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Car loan terms can be confusing, leaving many drivers to wonder, how does car loan interest work—and are car loans compounded monthly? We’ve sifted through the formulas and equations to explain how car loan interest works and whether it fluctuates over time.
Most car loans are not compounded monthly. The most common type of car loan uses simple interest, which means the interest rate is based on the amount of money you owe from the outset. In short, the number does not change over the life of the loan, and it does not compound monthly.
Of course, it’s not quite as simple as saying that no, car loans don’t use compound interest. Regardless of your loan terms, you’re paying more than a set APR—and whether you’re getting a good deal depends on the loan amount, term length, and other factors.
How Do Car Loans Work?
When you get a car loan, the financial institution that grants your application is lending you their money. On your behalf, they pay off the vehicle entirely—and you pay them back with interest over a set period.
The amount of interest you pay is based on an APR, which is the percent of the amount that you borrow. It’s a flat rate that doesn’t fluctuate, which means it’s not compound interest. The APR applies to the loan amount, which is the vehicle price minus any negotiated deals and your down payment, as applicable.
In contrast with car loan interest, compound interest means that more fees pile on top of existing interest over time. The extra interest increases your costs and changes your monthly rate. Fluctuating payments are one reason why consumers tend to shy away from compound interest models.
Of course, compound interest can be bad news when you’re dealing with a loan. But it’s good news if you have a savings account that earns compound interest. For vehicle loans, though, APRs make the most sense.
Getting a low APR is vital for ensuring that your car payment is manageable and a good deal. But you must consider your loan amount and term length, too.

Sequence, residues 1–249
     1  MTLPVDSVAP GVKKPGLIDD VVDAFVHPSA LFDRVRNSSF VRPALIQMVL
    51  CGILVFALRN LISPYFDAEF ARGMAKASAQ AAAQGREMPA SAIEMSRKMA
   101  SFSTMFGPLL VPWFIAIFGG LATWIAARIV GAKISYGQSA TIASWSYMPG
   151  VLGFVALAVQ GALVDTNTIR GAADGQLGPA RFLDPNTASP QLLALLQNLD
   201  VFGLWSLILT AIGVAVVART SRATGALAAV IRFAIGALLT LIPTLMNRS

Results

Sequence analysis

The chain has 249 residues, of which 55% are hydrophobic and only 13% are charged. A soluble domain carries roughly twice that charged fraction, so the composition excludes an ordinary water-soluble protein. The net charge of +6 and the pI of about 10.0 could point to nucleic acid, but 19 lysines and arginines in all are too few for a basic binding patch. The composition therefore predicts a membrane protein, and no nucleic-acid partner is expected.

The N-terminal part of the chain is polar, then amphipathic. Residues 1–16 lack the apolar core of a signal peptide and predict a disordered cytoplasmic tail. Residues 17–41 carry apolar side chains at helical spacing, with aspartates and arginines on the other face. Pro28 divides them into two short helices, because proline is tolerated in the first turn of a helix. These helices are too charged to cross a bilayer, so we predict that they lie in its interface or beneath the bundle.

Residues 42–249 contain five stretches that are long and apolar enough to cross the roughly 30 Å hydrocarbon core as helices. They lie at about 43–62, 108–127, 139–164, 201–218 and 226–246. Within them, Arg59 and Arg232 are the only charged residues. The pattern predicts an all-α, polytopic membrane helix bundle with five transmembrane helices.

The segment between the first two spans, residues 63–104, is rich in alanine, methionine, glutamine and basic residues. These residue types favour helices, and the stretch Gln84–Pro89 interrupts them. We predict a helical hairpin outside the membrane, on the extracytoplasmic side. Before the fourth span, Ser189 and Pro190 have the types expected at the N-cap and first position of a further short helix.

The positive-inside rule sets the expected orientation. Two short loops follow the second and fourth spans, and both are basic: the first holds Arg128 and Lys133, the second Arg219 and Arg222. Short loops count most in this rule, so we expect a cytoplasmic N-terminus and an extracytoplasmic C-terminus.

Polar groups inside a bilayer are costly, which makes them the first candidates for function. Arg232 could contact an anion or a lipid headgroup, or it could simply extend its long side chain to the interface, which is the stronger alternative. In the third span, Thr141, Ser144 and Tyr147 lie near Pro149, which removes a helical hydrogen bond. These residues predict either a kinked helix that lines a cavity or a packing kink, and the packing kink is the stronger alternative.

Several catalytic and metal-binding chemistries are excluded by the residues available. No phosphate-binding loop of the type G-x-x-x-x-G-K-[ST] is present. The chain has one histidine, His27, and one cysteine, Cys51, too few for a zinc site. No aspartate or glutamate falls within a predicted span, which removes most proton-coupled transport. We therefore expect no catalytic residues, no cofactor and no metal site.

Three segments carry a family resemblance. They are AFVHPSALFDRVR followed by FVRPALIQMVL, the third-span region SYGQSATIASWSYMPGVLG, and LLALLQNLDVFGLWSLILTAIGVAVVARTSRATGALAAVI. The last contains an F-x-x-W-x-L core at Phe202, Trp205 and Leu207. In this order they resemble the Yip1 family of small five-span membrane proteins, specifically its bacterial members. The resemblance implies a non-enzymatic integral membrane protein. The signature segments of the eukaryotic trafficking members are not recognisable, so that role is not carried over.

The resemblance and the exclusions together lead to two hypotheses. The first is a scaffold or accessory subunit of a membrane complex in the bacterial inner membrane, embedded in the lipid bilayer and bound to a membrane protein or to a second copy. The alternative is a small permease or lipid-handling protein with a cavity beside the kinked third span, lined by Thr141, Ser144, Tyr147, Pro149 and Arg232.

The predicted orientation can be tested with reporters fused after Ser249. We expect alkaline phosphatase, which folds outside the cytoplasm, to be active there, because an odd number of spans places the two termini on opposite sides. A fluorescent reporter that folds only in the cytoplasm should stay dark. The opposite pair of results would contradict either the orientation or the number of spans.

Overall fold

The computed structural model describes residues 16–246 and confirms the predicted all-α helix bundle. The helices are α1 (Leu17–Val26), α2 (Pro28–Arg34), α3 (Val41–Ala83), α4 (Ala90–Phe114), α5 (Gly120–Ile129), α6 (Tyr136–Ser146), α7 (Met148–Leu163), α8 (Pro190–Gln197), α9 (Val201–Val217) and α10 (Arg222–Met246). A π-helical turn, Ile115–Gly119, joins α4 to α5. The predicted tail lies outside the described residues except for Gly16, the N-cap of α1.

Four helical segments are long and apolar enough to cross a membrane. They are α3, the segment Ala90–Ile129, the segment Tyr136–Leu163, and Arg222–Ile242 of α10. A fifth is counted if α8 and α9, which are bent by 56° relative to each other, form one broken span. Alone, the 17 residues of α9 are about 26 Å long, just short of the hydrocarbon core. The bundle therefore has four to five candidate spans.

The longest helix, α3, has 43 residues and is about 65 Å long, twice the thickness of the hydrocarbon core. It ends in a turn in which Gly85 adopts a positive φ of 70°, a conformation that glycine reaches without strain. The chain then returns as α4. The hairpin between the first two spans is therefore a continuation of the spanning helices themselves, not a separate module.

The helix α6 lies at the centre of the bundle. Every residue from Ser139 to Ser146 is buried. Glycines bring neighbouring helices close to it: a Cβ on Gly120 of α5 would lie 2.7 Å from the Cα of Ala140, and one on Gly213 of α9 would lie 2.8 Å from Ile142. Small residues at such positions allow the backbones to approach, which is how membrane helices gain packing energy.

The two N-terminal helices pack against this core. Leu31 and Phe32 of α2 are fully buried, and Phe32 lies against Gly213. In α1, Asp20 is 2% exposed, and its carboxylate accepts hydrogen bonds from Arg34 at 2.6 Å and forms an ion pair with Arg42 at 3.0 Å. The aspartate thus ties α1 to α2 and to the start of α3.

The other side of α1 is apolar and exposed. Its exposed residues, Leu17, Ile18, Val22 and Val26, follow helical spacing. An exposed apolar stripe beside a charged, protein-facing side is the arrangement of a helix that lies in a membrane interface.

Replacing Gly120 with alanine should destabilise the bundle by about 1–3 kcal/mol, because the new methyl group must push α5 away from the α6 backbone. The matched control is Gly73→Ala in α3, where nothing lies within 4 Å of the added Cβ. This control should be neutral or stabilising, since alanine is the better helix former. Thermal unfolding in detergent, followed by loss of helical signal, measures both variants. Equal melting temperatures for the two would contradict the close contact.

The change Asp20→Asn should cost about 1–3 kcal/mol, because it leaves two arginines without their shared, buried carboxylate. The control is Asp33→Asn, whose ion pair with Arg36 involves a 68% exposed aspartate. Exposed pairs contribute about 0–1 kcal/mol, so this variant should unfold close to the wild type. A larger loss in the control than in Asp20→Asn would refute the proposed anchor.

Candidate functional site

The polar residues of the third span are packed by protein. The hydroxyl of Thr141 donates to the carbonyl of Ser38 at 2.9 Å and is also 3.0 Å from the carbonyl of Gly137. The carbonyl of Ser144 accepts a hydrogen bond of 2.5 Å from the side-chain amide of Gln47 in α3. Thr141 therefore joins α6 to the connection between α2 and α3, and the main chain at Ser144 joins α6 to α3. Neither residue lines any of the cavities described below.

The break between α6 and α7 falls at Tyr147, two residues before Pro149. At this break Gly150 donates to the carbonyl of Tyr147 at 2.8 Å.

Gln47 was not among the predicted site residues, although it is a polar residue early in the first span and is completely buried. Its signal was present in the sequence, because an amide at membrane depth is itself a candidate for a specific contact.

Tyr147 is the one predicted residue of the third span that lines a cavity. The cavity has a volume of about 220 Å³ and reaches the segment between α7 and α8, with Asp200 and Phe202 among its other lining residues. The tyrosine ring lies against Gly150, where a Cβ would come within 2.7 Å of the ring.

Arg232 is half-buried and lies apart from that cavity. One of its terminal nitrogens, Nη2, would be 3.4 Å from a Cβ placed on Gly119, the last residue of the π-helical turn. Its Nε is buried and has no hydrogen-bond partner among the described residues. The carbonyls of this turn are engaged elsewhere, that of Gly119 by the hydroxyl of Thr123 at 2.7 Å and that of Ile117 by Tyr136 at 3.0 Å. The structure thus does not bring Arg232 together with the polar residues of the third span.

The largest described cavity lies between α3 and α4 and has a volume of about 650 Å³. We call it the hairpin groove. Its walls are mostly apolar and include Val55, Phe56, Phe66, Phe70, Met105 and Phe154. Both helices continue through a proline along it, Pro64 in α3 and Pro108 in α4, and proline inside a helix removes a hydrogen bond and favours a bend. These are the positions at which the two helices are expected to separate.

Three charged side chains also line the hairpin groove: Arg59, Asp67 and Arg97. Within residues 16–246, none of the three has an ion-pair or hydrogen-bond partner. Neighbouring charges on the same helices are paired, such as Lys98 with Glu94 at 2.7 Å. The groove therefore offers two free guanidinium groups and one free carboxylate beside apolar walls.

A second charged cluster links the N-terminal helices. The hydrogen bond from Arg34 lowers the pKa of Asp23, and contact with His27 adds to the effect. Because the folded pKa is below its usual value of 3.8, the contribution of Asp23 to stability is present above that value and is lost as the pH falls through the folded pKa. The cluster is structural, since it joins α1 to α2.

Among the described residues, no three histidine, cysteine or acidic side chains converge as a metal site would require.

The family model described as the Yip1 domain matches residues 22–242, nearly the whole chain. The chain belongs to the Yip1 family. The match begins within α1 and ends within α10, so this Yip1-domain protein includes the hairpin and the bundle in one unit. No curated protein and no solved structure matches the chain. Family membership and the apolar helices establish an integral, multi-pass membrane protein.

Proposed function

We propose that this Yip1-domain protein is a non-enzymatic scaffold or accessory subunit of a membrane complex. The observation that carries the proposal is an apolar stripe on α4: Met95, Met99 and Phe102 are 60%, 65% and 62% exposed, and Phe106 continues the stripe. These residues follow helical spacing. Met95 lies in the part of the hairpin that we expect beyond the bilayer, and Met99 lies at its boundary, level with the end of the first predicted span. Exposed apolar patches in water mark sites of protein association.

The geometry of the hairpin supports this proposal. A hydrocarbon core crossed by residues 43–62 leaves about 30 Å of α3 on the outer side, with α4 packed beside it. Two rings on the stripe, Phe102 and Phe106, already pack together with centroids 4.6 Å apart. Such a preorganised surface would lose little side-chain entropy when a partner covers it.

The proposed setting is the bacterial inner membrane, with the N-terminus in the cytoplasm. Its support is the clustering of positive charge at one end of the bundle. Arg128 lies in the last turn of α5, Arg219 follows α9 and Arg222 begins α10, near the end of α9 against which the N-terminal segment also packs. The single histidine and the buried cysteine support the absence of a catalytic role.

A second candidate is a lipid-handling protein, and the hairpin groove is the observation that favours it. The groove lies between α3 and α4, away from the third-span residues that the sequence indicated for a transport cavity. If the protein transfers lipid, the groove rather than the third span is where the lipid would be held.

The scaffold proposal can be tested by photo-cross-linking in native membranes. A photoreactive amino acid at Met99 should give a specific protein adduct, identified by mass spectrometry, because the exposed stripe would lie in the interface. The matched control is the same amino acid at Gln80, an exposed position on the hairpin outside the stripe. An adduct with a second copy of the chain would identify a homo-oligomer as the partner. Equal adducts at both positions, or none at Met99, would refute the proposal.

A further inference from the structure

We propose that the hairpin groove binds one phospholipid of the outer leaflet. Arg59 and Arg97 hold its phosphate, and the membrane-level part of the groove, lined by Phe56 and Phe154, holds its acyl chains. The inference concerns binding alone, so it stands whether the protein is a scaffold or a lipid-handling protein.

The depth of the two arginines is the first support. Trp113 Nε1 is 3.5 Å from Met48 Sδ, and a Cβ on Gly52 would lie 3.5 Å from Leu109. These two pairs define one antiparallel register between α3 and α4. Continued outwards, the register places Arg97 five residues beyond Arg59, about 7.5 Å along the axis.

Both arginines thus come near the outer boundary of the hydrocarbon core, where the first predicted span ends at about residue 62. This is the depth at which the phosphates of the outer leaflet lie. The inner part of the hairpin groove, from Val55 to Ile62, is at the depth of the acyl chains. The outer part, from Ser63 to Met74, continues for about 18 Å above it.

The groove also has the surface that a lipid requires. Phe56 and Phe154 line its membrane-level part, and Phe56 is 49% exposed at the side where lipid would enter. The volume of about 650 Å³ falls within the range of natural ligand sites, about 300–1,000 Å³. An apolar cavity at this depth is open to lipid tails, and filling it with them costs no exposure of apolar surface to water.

Why Does Term Length Matter?
A shorter-term can mean higher monthly payments, but you’ll also pay less interest over the life of the loan. Most experts recommend the shortest loan length you can afford, though options are available ranging from three to almost ten years.
Lower monthly payments might be appealing, but if you must pay longer, you will likely pay more in interest. Still, with a low enough APR, it might be worth choosing a longer term to make your monthly budget more manageable.
How Can You Get a Good APR?
Although most vehicle dealerships and used car lots offer their own financing options, those may not be the best deal. In fact, the APR you get through the car salesperson might be a terrible deal—and they won’t necessarily tell you that.
If you’re in the market for a new vehicle, do your research ahead of time. Find out what average rates are in your area, as well as what’s typical for the loan length you prefer. Checking with your financial institution often gives an accurate idea of what rates you can qualify for.
Even if your bank doesn’t offer vehicle loans, you can still shop around before agreeing to the terms that the dealership provides. You might find a lower APR that makes your monthly payments even more manageable.
How is Auto Loan Interest Calculated?
Auto loans use an APR—annual percentage rate—to determine how much you’ll pay for borrowing the loan amount, also known as the principal. The higher the APR, the more interest you pay over time. But the APR is not just an interest rate.